Submitted by Rene Carroll
It is 7:45 am and 60 first grade students at Columbia River Gorge Elementary are beginning their school day. At their home workspace, they log in to a Zoom classroom to welcoming music and each is greeted by name. On the screen is a list of materials they will need for the day’s instruction flacked by smiling and waving bitmojis illustrations of their teachers. A five-minute countdown begins at 8:00 am, and at 8:05 am, each student, now prepared for their day, breaks into individual virtual classrooms with teachers Allison McGranahan, Sydney Termini and Taryn Tedford.
“We feel it is important to start our day by having everyone together and greet each student by their name,” explained Tedford. “The bitmojis are just a fun way to represent us and our excitement for what’s to come. For instance, we had them wearing scrubs on the day we were studying the human body. Our morning routine is a small way to build a sense of community and connectivity that is missing in distance learning.”
Once broken out into classrooms, teachers lead an hour lesson. The larger group comes back together again at 9am to meet with a specialist for instruction and activities in art, music, PE and even Library. “It is important that students are able to stay connected with other teachers and continue to learn in these other important curriculum areas,” McGranahan said.
Students then go back to their classroom group for the last half hour of instruction. The remainder of the school day is spent viewing selected pre-recorded lessons and completing assignments.
The CRGE first grade team’s approach to teaching changed some since last spring, when teachers everywhere were asked to turn on a dime to online classes. They began this year by reviewing curriculum and deciding which lessons to begin with for remote learning. “We know that certain topics were okay being recorded and others are more conducive to being live lessons,” explained McGranahan. “We’ve tried to make it so that even if kids aren’t able to be at the Zoom lessons, they are able to engage in the learning lessons.”
Like the K-2 teachers of the Washougal School District, they are using the educational software app, SeeSaw to capture learning during the distance learning. They are able to send video lessons and activities for students to interact with during the afternoon asynchronous learning time.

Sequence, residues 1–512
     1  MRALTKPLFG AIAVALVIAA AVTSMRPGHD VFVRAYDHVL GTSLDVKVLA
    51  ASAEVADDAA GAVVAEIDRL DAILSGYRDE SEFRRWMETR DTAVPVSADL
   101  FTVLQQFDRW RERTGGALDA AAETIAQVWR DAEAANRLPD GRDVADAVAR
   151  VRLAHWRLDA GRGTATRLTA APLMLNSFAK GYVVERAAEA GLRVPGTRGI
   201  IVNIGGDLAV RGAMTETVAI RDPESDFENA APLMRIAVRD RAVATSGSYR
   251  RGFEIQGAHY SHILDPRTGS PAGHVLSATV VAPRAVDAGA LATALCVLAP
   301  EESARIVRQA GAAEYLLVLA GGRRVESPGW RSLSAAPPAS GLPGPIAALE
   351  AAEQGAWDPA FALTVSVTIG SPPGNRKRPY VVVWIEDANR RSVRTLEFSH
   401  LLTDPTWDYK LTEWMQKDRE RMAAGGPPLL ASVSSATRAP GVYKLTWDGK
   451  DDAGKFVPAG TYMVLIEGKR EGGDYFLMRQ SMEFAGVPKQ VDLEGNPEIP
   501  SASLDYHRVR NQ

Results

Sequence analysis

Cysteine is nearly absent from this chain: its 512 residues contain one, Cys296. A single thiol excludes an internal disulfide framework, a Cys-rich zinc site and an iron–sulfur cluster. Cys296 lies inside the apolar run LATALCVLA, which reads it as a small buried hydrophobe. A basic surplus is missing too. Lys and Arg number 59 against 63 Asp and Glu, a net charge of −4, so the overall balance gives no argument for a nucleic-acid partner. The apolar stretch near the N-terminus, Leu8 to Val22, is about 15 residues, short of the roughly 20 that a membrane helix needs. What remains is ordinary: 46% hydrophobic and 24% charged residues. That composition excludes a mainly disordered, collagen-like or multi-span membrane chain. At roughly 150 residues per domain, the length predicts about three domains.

Teachers set up activity buttons for students to connect to three lessons. One day may include math, a listen and learn activity and a skills practice, such as handwriting or answering questions about a story. There are also activities for the areas of science and even community building. Students can log in at any time in the day to complete the work. “I had a student who had a dentist appointment during class time but was still able to participate easily in the activities,” said McGranahan. “This offers a lot of flexibility for families.”
A good example of Seesaw’s use was a recent first grade unit on folk tales. “The assignment was for students to retell a folk tale or fable in their own words,” explained McGranahan. “They recorded themselves telling the story and even downloaded artwork they created to illustrate it. Then we were able to watch and listen to their work.”
“I am so amazed at how committed many of our families and students are to this whole distance learning process,” McGranahan added. “It is a lot and it is a challenge, but we have had kids show up when the power is off, the wind is blowing, and the smoke is in the air. Kids show up and participate when they are tired and are not feeling well. I have had a kid show up to Zoom because he did not want to miss it, even though his tummy hurt, and he had to leave because he was getting sick. Our students are not giving up just because we are doing distance learning! They are actively engaged and will be able to pick up right where we left off when we get the chance to be back in the building.”
Youngest learners thrive with structure and routine and the CRGE team understands that it is a struggle for students to not be in the classroom. “Even with all the tools we have in place, this is not the same as it would be in person,” McGranahan said. “Sometimes students just need to be near the teacher and talk through a problem without the whole group watching. They need to get up and move and learn in different ways, and that is difficult over Zoom.”
Termini agrees. “It is a challenge for me to not see each students’ process,” she explained. “I don’t see them individually as they work through an assignment to recognize where they may have struggled. I just see the outcome, not how they problem solve and approach the work.”
Another challenge to distance learning is lesson preparation that must take weeks of lead time to gather and distribute materials to families who drive to the school at specific times for pick up. “It was such a treat to see students as they came to pick up bags,” said Termini. “It was good to touch base face to face with our students and their parents to check in on how it is going.”
A benefit that has risen from remote learning is the stronger connections being made with many of the students’ families. “We are working hard to address parent needs as much as we can and support them,” said Tedford. “The partnership we have with parents is so important and is being fine-tuned.”
“We are not able to do our job without family support and I absolutely love the depth of connection with parents I am able to make because of distance learning,” said McGranahan.
“I appreciate how supportive our student’s families have been,” added Termini. “We couldn’t do it without them!”